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Eleven Madison Park

I decided to take Jenn out for an early birthday lunch, as she was visiting NYC. Ever since Frank Buni upgraded Eleven Madison Park to a four-star rating, I had been wanting to try it out. So, I made a reservation and there we were alongside businessmen and ladies who lunch.

The meal was flawless, as was the slightly-over-attentive service. Having not eaten at a four-star NYC restaurant, I don’t have any means of comparison, but Eleven Madison Park definitely felt like one.

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Our meal began with two amuses: Gruyere puffs and a plate of salmon-stuffed cucumber and mayonnaise-dipped mini radishes. Gruyere is my favorite cheese, and the puffs were light, hot, and wonderful. They were small bites of perfection. Even the radishes, tiny as they were, were packed with flavor and had a pleasing bite to them.

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Next came the bread, a choice of two types of mini baguettes: plain and olive. We each sampled both. I’m not a huge fan of olives, but I couldn’t stop eating the crunchy-crusted treasures.

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For my first course I had the farro, which came in a light creamy broth with corn and chanterelles. I was formally introduced to farro, an ancestor of wheat, while interning at the Food Network and have been in love with it ever since. When cooked correctly, it has more of a bite to it than rice and this heartiness is exactly why I love it. Paired with the mushrooms and corn, this dish managed to elevate the somewhat pedestrian grain to a haute level. The creaminess around it was delicious, and I found myself wishing it was socially acceptable to lick your plate.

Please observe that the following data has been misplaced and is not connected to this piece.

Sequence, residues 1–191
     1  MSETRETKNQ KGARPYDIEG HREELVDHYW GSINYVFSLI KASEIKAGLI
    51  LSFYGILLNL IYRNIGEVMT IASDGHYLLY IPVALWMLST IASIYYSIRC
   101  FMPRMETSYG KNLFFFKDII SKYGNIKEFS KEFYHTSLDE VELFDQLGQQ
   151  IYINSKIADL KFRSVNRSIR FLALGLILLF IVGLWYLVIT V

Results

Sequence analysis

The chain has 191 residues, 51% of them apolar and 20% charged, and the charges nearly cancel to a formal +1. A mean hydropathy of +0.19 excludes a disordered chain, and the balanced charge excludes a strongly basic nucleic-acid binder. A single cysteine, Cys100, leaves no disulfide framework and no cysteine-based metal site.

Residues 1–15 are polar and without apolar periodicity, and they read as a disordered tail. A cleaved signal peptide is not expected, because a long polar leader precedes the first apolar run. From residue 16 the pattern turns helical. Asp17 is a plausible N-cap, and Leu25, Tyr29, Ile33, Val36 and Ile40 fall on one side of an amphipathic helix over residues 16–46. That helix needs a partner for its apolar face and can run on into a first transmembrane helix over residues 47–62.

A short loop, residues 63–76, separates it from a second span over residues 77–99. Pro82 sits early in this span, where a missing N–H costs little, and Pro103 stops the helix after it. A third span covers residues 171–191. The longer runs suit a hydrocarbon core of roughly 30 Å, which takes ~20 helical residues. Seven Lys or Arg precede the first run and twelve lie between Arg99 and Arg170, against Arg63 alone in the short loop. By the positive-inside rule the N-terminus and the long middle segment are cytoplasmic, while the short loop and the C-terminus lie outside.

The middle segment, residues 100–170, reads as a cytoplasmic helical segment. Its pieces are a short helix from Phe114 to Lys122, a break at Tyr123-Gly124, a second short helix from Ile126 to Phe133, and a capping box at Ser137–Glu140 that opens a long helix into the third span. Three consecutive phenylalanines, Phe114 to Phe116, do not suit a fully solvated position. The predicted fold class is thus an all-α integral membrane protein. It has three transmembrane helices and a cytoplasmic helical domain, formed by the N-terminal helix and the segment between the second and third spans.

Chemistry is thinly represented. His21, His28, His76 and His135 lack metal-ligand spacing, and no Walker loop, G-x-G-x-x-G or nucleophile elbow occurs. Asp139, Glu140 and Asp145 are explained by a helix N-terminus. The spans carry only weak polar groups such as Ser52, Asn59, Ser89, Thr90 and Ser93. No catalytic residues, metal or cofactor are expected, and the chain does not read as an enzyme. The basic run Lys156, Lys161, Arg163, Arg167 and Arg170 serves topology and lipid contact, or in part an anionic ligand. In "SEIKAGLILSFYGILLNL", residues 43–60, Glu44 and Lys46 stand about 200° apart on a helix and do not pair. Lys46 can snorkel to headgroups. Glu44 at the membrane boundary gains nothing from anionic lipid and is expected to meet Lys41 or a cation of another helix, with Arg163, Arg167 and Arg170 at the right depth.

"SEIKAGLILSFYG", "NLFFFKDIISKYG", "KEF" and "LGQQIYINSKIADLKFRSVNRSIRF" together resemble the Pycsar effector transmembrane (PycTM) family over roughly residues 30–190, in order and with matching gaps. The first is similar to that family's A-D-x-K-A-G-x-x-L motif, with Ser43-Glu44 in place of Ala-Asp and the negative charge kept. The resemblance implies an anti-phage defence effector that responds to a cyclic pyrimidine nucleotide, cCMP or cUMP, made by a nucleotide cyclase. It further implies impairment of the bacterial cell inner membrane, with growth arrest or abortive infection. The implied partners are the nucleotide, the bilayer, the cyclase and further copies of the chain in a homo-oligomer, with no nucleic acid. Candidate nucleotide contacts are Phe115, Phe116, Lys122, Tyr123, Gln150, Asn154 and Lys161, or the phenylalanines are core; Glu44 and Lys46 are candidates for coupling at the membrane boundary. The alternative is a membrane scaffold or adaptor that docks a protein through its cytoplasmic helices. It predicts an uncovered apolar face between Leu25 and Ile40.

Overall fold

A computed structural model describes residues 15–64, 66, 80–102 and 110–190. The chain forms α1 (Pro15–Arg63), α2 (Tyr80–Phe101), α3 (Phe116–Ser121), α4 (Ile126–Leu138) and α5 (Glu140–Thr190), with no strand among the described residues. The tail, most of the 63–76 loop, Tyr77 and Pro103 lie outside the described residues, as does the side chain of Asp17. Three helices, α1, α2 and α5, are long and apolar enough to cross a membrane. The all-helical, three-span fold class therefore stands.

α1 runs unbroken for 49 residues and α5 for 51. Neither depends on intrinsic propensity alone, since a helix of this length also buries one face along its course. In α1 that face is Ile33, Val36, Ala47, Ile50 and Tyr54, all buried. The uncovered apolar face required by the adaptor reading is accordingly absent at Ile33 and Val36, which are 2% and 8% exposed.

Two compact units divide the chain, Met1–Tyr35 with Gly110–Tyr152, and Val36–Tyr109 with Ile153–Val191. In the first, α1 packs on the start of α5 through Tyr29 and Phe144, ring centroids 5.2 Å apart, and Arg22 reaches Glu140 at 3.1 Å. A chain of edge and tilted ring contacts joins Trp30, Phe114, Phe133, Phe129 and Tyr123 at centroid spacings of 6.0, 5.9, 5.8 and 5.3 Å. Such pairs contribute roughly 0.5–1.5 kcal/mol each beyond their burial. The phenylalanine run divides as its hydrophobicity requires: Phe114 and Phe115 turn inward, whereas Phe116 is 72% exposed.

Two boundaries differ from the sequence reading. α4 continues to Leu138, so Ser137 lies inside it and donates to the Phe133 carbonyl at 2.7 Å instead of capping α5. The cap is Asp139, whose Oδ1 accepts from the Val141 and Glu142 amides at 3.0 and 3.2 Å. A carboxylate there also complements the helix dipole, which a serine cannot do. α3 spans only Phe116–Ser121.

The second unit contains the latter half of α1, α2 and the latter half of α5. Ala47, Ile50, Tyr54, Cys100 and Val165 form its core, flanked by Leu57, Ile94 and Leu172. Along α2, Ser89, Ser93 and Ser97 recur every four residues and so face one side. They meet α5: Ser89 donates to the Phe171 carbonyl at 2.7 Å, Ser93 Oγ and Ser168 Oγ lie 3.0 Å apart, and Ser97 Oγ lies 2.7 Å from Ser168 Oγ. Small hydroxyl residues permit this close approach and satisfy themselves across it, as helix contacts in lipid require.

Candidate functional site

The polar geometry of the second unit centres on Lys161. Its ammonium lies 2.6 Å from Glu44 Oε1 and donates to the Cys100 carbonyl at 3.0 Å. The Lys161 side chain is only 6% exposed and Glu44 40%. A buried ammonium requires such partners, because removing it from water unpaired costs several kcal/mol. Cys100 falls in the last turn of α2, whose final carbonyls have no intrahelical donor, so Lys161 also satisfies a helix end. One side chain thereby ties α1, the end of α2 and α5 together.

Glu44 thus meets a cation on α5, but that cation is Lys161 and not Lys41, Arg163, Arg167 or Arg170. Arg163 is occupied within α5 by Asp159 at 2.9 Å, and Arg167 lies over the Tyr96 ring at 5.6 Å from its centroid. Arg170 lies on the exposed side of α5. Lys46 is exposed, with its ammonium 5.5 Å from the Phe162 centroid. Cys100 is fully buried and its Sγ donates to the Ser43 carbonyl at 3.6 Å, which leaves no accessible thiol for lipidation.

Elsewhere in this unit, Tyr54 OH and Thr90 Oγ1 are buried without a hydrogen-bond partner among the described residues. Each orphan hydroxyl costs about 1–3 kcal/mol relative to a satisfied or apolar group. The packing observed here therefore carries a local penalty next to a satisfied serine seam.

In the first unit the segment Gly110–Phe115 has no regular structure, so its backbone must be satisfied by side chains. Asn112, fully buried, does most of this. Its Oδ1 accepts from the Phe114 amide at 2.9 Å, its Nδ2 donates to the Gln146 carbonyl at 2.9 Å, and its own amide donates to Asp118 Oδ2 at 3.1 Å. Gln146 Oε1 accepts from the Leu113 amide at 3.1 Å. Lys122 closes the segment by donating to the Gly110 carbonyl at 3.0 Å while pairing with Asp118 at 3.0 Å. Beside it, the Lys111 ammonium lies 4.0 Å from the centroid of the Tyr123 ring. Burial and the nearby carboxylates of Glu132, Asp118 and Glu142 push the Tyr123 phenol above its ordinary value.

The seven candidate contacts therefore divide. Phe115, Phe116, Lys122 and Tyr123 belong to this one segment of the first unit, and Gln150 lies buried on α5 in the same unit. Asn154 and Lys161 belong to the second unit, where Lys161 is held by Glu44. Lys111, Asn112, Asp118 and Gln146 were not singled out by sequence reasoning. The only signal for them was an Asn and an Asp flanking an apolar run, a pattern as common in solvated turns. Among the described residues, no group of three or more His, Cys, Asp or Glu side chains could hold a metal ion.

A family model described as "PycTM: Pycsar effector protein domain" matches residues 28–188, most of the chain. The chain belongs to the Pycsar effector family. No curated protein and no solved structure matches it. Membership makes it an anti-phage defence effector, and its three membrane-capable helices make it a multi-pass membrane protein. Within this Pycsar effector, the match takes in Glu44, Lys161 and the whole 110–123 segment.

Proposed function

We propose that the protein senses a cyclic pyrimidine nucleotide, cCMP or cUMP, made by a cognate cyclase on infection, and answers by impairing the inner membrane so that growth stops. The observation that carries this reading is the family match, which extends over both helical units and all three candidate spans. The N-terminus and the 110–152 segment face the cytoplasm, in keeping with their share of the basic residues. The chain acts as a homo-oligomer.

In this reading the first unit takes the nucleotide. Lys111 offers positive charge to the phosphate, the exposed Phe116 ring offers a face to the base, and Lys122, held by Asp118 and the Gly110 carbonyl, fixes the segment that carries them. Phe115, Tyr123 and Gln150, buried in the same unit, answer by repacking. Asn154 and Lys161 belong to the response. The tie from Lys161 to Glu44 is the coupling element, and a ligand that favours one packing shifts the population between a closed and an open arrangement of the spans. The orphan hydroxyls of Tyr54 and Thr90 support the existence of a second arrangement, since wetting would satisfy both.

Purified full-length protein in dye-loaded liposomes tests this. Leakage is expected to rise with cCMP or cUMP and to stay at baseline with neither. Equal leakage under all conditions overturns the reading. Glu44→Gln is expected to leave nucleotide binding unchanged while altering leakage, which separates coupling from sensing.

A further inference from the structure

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Jenn started with the octopus salad, which was mostly salad greens with some well-placed morsels of the grilled cephalopods. I had a bite of the octopus and it was tender on the inside, lightly-charred on the outside, as good as it gets.

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Moving on the main courses, Jenn’s pork dish arrived, plated like a true work of art.  There were two pieces of pork, one larger chunk and the other what we came to call a “pork cake,” which Jenn was gushing about as she ate it.

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I went with the bouillabaisse, which came with red snapper, mussels, and squid in a delicate tomato-based soup. The potatoes alone, cooked to perfection, were enough to win me over. Needless to say, the seafood was also excellently prepared, and delicious.

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We shared two desserts, the linzer torte and a blueberry tart. I hadn’t been to a restaurant with a dessert cart since the churrascarias of Brazil, which are not necessarily bastions of high-end cuisine. But, our server managed to make even a dessert cart, with its vanilla cream that he so artfully smeared onto both plates, synch with the vibe of Eleven Madison. Both desserts were good, well-executed, but not the highlights of the meal.

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Before the check came a plate of colorful petit macarons, all different flavors. We were stuffed, but tried of few bites. My favorite was the passion fruit (yellow).

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Four star dining is easy to love. Being doted on by more wait staff than there are people at your table is a nice treat, though I’m not one who allows service to make or break a dining experience. For me it is all about the food, and Eleven Madison Park lived up to its reputation and then some. I hope to some day return for dinner, I’m sure it’s an even more elaborate affair. Until then, I can sit and daydream about Gruyere puffs, mini baguettes, and some of the best sauces I’ve had on food, perhaps ever.

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Eleven Madison Park in New York

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